The Genesis of Sunday School
It's Sunday morning and you are dragging yourself out of bed. The start of another long week starts tomorrow, but were are you going this morning? Sunday School. Why is named Sunday School? That name just sounds like work, with no good connotations. Many churches are going trying to change this time designated before the large, congregation-wide Worship Service to something like "Bible Study" or at our church "Bible Fellowship". So what is the history?
In 18th century Gloucester, England there was a man named Robert Raikes, owner of the Gloucester Journal. Raikes had a burden for the lower classes. He saw many of the young boys growing up to become criminals and the prisons were full. He blamed their lack of education for the trouble that they found themselves in.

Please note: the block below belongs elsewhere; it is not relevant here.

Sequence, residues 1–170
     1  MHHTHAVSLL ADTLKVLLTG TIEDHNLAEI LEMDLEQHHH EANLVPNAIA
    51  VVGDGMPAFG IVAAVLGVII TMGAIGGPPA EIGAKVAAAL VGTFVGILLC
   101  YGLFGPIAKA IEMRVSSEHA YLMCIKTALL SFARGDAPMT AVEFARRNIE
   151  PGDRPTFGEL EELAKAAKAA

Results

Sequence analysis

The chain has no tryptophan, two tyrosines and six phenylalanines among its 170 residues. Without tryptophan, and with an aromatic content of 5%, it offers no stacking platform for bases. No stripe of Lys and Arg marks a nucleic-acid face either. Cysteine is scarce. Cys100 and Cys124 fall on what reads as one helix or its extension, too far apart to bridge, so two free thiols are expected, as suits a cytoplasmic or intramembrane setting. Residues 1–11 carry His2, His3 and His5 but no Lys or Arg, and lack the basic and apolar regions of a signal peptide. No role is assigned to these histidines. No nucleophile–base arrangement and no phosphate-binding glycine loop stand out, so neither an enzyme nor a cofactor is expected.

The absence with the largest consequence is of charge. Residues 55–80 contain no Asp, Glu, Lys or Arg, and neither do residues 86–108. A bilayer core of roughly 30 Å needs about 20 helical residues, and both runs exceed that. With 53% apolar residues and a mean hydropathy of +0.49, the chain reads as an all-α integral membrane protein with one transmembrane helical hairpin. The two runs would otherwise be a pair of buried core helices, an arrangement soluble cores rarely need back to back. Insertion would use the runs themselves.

In July 1780 a few of these underprivileged boys came to their first Sunday class. Started on Sunday because the students had to work in the factories all week. They learned to read and write in the classes held before church services. After they learned to read and write they learned all the basics of church teachings. This soon turned into a major movement through England and later spread to other parts of the world.
Later this movement dropped the writing part because of views about what you should and shouldn't do on the Sabbath (even though the Sabbath is Saturday) and it came to look more like what we have in churches today.
Now that you know the story of how Sunday School started, maybe you will be glad that you aren't an underprivileged, overworked kid.
christian history, sunday school, england, church, education